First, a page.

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SCOTLAND ONLY:
2.15
Racing at Newbury
2.55
Football: Scotland v. England
4.45
Parmesan 4.55 Football Results
(in England - the Racing was shown until 3.40, when the second half of the FA Amateur Cup replay was shown)
Saturday, 14 April 1956
Home International Championship 1955-56 (61st) Match


Scotland 1 England 1
[0-0]
 
 
Hampden Park, Kinghorn Drive, Mount Florida, Glasgow, Lanarkshire
Kick-off (GMT): 3.00pm
Attendance: '132,817'
George Young won the toss Nat Lofthouse kicked off
Players lost since last match
Arthur Knight (10 March 1956) 68
James Iremonger (25 March) 80
Gerard Dewhurst (29 March) 84








This week's Music Charts
   
[1-0] Graham Leggat 61
 lobbed the ball left-footed from 10-yards out off his left shin, from a John Hewie cross

The goalframes at Hampden park are square (they are circular at the Empire Stadium), it is reckoned that Haynes' strike onto the post would have rebounded into the net if they were round 

[1-0] Johnny Haynes strike hits the post 80
[1-1] Johnny Haynes 91 90:23
'coolly accepted his chance during the extra 60 seconds added for stoppages'
'according to the Sunday Dispatch stop-watch there were 37 seconds left for play when Haynes scored'
his 14yd drive hit the inside of the post after Tommy Taylor headed down a Byrne cross
(Scotland only) - Commentator: Peter Thomson
       
"SEND FOR STAN!" Sunday Mirror
Officials from Wales Scotland UK ruling on substitutes England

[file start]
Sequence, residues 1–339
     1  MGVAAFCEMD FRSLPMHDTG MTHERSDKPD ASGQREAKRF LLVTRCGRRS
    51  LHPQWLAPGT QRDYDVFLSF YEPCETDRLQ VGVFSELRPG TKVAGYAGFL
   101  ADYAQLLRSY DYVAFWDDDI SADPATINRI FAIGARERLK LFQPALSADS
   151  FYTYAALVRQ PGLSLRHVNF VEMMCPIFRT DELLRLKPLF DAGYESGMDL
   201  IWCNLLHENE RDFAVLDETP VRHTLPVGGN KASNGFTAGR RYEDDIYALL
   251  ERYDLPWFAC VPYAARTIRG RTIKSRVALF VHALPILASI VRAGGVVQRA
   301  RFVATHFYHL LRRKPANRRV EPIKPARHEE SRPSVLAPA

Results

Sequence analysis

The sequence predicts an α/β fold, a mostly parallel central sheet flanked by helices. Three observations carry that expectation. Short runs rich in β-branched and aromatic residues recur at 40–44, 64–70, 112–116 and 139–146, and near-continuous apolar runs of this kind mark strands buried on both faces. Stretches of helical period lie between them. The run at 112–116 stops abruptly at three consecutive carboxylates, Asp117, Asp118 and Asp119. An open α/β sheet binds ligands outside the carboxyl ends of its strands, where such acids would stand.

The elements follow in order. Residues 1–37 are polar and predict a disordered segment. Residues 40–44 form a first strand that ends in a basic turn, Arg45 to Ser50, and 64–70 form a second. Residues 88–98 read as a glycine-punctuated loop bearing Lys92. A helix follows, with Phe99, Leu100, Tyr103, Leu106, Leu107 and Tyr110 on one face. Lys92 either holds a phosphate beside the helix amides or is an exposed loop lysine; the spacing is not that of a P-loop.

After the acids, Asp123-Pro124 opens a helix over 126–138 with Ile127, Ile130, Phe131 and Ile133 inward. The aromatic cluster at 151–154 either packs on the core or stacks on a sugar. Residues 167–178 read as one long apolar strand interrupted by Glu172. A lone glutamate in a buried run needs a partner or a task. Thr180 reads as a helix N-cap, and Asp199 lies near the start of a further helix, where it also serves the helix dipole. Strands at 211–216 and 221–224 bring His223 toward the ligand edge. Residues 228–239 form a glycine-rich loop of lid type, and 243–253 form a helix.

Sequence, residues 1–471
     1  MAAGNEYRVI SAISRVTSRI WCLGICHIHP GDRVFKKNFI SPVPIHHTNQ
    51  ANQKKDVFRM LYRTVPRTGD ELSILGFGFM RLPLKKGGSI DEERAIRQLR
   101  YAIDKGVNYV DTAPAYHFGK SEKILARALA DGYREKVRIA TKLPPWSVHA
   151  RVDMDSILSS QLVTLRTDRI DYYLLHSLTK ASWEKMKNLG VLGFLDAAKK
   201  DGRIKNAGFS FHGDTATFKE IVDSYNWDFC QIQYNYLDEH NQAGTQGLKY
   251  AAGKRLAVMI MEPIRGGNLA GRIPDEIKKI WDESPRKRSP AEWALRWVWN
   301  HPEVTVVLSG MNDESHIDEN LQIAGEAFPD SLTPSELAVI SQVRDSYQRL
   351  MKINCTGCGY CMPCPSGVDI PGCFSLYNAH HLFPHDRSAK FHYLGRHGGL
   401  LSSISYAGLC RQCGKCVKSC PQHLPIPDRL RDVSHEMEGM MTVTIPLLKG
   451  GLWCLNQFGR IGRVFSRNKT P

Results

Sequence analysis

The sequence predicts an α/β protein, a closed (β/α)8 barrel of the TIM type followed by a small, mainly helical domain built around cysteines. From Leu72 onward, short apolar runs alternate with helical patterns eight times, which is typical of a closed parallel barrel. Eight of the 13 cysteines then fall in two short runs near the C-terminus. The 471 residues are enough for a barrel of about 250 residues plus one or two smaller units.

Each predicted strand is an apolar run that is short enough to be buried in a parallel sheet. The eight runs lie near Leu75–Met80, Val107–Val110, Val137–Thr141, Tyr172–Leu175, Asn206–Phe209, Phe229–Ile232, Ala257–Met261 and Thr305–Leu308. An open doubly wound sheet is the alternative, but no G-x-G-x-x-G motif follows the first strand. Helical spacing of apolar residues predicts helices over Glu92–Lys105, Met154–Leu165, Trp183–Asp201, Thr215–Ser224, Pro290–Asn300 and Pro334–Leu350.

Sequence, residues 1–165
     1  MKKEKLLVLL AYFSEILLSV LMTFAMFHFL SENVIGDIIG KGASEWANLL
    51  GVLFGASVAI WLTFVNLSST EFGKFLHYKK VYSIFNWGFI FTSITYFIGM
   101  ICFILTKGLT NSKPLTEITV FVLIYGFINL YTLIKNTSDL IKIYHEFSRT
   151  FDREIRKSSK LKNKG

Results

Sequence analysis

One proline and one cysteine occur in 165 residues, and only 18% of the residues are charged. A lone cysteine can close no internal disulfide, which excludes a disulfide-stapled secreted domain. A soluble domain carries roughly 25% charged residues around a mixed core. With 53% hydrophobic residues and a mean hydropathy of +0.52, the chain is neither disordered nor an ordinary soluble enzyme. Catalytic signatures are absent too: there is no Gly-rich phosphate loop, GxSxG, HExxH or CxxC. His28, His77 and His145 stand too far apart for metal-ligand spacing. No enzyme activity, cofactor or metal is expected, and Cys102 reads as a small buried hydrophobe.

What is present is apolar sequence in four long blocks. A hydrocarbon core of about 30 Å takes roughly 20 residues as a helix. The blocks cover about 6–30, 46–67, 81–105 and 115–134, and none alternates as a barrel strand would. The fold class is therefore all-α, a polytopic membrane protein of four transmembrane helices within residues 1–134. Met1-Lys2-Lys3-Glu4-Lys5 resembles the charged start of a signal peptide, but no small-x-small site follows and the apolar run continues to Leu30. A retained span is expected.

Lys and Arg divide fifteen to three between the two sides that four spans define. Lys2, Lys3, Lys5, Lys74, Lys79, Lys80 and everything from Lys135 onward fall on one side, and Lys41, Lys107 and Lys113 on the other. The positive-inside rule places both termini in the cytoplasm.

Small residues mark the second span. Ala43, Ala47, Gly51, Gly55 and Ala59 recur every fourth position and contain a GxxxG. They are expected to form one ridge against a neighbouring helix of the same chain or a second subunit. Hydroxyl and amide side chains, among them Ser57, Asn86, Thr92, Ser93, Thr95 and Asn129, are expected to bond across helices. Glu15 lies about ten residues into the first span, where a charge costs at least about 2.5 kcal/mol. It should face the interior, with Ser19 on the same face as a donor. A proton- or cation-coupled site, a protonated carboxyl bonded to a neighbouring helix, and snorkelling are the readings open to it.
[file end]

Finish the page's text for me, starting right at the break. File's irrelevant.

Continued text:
Referee (maroon)
Leo Callaghan
32 (5 February 1924), Merthyr Tydfil
Teams were presented to the Guest of Honour is HRH The Duke of Gloucester, KG.
Linesmen
N.A. Jones
Wrexham
G.H. Lewis
Aberdare
   
Scotland Team
 

Rank:

No official ranking system established;
ELO rating 16th to 15th
Colours: Made by Umbro - Dark blue continental jerseys with white v-neck collars/cuffs, white shorts, blue socks with red tops.
Capt: George Young Selector: The Scottish Football Association Selection Committee
on Saturday, 1 April
1956.
Trainer: Alec Dowdell (The Celtic FC) 
Scotland Lineup
  Younger, Thomas 26
4 days
10 April 1930 G Hibernian FC 7 9ᵍᵃ
2 Parker, Alexander H. 20
256 days
2 August 1935 RB Falkirk FC 6 0
715 3
Hewie, John D. 27
124 days
12 December 1928
in Pretoria, South Africa
LB Charlton Athletic FC, England 1 0
4 Evans, Robert 28
273 days
16 July 1927 RHB The Celtic FC 25 0
5 Young, George L. 33
170 days
27 October 1922 CHB Rangers FC 47 0
most apps 1952-56
6 Glen, Archie 27
364 days
16 April 1929 LHB Aberdeen FC 2 0
final app 1955-56
716 7
Leggat, Graham 21
299 days
20 June 1934 OR Aberdeen FC 1 1
8 Johnstone, Robert 26
220 days
7 September 1929 IR Manchester City FC, England 17 8
9 Reilly, Lawrance 27
169 days
28 October 1928 CF Hibernian FC 33 21
10 McMillan, John L. 25
27 days
18 March 1931 IL Airdrieonians FC 5 2
11 Smith, Gordon 31
325 days
25 May 1924 OL Hibernian FC 16 3
reserves: Travelling reserve is Tommy Docherty (Preston North End FC).
Full team of reserves are Billy Brown (Dundee FC); Ian Rae (Falkirk FC); Docherty (Preston North End FC), Danny Malloy (Cardiff City FC) and Doug Cowie (Dundee FC); Gordon Smith (Hibernian FC) and Bobby Collins (The Celtic FC); Willie Baird (Airdrieonians FC), John McMillan (St. Mirren FC) and Jackie Henderson (Portsmouth FC).